Coach Jack wheels past the players as they stretch, a bristle-haired drill sergeant inspecting the troops. He receives a playbook and headphones. Rivera puts him to work, asking him to track passes and receptions. Panthers owner Jerry Richardson steps out of his golf cart, drops to one knee and talks to Coach Jack.

When Fan Fest ends, Coach Jack is asked to sign autographs and probably signs 50.

Or 51; Cam Newton wants one. Newton reciprocates by pulling off his cleats, signing his name and handing them to Coach Jack. Coach Jack puts them on when he gets home.


“Dear Panthers,” Coach Jack writes in mid-December, “Nothing is impossible if you put your mind to it.”


The floors in the Bolton household are made of hardwood and impeccably clean. Eleanor, Jack’s 11-year-old sister, also has SMA. Neither parent realized they were carriers until Eleanor was 2 and Jack was a month from being delivered. John Bolton says the odds were 50-50 their children would be carriers and 1 in 4 they would have SMA.

The family rule is that inside the house the chairs travel no more than 3 mph. The rule is followed when neither parent is looking.

As we talk, Coach Jack’s cellphone buzzes. The cover of the cellphone is a football.

“Well it was just amazing,” he says about his time with the Panthers. “All the players were really nice, coach Ron Rivera was really nice, everybody was really nice. And it was fun trying out being the coach.”

Coach Jack shows some of the plays he has diagrammed, each with Xs and Os and arrows.

Why football?

“It’s the first sport that I really got to understand,” he says.

He’s attended six games this season, including the rain game at Bank of America Stadium against New Orleans. The Boltons sat in the deluge, plastic covering the controls to the power chairs. On the railing beneath a very wet Coach Jack was a sign: “Coach Jack says I’m Watching You.”

Coach Jack, if you were coaching against San Francisco Sunday, what would you do?

“I would just be calm at any time, like even if they were beating us by, like, 7,” says Coach Jack. “Because I know that the Panthers can do it. Because they’ve done it before.”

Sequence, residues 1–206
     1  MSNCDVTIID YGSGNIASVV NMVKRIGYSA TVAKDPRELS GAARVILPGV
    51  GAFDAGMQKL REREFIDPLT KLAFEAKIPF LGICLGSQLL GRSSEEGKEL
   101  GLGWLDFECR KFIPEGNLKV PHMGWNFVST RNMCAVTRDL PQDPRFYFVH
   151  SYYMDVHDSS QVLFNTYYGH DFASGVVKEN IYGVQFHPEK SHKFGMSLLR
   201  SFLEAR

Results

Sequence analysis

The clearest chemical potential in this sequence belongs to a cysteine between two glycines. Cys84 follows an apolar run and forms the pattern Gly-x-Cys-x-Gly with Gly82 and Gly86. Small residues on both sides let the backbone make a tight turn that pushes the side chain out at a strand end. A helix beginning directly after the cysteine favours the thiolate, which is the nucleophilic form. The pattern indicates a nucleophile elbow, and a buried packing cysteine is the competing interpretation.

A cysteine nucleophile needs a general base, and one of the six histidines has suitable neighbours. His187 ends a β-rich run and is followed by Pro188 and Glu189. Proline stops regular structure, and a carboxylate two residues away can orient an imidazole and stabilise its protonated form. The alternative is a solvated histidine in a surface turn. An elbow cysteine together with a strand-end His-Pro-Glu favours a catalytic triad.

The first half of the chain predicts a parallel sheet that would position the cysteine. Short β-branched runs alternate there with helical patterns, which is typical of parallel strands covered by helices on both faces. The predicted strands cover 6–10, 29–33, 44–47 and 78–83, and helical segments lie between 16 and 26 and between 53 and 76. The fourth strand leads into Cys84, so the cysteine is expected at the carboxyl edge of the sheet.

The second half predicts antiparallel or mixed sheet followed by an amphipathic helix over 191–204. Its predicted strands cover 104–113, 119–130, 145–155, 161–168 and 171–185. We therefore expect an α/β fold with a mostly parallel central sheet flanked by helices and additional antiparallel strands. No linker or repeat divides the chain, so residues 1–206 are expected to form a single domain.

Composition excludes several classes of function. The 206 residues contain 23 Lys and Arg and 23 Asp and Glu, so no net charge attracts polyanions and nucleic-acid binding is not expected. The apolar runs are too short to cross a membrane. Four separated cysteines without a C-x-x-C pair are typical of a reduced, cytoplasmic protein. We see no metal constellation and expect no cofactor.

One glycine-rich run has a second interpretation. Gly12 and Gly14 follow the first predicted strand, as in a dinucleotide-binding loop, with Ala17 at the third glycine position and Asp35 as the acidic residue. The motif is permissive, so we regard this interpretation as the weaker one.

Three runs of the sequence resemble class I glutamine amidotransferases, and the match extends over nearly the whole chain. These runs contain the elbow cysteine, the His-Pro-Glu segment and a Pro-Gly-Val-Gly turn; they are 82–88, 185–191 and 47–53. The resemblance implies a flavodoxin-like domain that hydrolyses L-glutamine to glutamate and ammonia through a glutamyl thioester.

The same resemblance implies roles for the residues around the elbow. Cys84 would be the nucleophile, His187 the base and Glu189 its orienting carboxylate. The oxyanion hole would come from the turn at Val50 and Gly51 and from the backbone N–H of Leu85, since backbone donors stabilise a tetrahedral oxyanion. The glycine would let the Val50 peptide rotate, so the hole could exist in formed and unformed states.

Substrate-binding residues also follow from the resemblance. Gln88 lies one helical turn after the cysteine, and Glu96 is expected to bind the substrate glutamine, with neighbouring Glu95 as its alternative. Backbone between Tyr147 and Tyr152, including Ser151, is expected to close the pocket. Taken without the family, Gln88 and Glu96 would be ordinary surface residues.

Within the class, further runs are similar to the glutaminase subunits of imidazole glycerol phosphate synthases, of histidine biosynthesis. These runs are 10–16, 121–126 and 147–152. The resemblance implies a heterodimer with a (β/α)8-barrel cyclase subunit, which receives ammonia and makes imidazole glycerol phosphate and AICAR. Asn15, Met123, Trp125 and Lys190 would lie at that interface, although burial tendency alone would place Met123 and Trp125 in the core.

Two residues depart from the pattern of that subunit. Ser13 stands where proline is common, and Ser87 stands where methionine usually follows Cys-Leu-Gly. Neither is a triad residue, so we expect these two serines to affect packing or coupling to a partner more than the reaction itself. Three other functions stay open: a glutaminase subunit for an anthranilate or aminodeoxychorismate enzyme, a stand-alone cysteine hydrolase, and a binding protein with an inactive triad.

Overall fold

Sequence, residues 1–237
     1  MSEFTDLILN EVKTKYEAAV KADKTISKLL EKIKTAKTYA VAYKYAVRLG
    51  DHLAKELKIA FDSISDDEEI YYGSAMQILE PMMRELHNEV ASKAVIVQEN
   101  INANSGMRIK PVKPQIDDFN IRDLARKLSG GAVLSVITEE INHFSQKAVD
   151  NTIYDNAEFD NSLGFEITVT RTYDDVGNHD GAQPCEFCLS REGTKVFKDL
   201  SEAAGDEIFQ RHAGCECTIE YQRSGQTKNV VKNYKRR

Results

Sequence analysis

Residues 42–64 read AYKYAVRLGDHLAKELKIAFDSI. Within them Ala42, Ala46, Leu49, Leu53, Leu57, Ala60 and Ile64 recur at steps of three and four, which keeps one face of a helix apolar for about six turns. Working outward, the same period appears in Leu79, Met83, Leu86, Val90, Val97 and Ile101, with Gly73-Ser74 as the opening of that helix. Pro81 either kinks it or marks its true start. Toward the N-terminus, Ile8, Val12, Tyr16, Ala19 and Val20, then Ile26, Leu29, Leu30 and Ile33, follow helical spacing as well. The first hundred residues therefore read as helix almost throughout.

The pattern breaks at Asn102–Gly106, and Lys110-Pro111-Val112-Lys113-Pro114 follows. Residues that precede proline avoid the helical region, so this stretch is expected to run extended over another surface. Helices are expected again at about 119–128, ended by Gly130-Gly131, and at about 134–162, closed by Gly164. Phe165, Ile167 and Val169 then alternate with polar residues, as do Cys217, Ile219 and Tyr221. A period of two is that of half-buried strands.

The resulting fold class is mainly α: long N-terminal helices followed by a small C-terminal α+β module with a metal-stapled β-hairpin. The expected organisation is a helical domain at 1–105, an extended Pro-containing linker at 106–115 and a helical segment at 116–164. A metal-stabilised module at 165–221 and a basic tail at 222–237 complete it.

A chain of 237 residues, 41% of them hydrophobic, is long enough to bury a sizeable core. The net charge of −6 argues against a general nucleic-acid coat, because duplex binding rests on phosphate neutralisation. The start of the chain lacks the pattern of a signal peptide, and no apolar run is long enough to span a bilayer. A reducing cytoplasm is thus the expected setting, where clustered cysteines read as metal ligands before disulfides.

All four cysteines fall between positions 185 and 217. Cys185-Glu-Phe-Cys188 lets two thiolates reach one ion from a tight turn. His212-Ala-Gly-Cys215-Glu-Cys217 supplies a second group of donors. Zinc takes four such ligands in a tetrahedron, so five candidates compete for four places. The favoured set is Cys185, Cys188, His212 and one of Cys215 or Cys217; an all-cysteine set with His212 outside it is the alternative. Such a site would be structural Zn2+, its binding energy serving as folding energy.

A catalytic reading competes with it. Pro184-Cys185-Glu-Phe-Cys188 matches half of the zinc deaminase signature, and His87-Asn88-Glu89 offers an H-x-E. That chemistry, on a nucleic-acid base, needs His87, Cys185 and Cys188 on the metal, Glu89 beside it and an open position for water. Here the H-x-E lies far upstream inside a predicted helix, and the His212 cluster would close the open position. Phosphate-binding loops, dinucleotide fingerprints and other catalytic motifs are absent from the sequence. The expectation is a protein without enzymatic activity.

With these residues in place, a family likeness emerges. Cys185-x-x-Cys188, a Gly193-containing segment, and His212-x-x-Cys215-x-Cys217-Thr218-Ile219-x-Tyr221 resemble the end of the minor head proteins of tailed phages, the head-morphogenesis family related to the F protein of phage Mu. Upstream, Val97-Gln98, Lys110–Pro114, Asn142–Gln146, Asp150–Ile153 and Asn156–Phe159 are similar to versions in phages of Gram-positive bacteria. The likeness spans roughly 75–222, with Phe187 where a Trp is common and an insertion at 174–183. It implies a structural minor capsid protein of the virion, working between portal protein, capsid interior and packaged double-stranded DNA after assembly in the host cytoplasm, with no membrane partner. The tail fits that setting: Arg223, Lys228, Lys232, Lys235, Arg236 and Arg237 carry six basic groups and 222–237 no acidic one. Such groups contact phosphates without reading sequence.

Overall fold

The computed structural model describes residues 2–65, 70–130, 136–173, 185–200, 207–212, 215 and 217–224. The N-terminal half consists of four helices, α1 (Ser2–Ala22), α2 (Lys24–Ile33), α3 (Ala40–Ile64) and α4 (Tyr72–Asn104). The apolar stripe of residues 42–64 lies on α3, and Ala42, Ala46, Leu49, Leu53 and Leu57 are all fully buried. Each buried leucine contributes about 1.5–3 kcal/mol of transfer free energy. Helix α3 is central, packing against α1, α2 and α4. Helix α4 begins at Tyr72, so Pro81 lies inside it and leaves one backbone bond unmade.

Would you get the ball to 89?

“Yes,” Coach Jack says.

Eleanor: Since your brother is Coach Jack, do you have to do what he tells you?

“Definitely not,” she says.


John Bolton, 47, signs Jack out of school late Friday morning. He usually writes Doctor. Friday he writes Panthers.

Heavy rain slows to a drizzle as John Bolton and Coach Jack wait for players. Riley Fields, the team’s director of community relations, holds a team umbrella above Coach Jack.

Players pass by on their way to the locker room. Smith is first and he greets Coach Jack warmly. Greg Hardy calls Coach Jack “Boss Man.”

“I got something for you buddy,” Drayton Florence says, and offers gloves.

Gross, safety Mike Mitchell and tight end Ben Hartsock walk up as if they have known Coach Jack all his life.

Players look as if they’ll be soaked for life. Yet, as far I can tell, they all acknowledge, greet or stop to talk.

John Bolton looks as if he’s going to cry. He had hoped back at Fan Fest that his son would get to watch from the side of the field. He didn’t expect this. The family is given passes that will enable them to hang out on the field before the San Francisco game.

“How do you get an assistant with an umbrella and I don’t?” Rivera asks Coach Jack.

Olsen offers gloves and advice: Don’t put them on because they’re too wet.

Newton asks, “Still living off that bonus money, coach?”

He drops to one knee so they see eye to eye, and they talk about Christmas and X-box games.

After the field clears, Coach Jack is asked who his favorite player is.

“All of them,” he says.


The Bolton baby due in three weeks will not have SMA or be a carrier.

He will have a name. It probably won’t be Cam or Captain.

“DeAngelo has a nice ring to it,” Holly says.

As running back DeAngelo Williams walks out of the locker room Friday he says: “If they name that baby DeAngelo, I’m coming to visit.”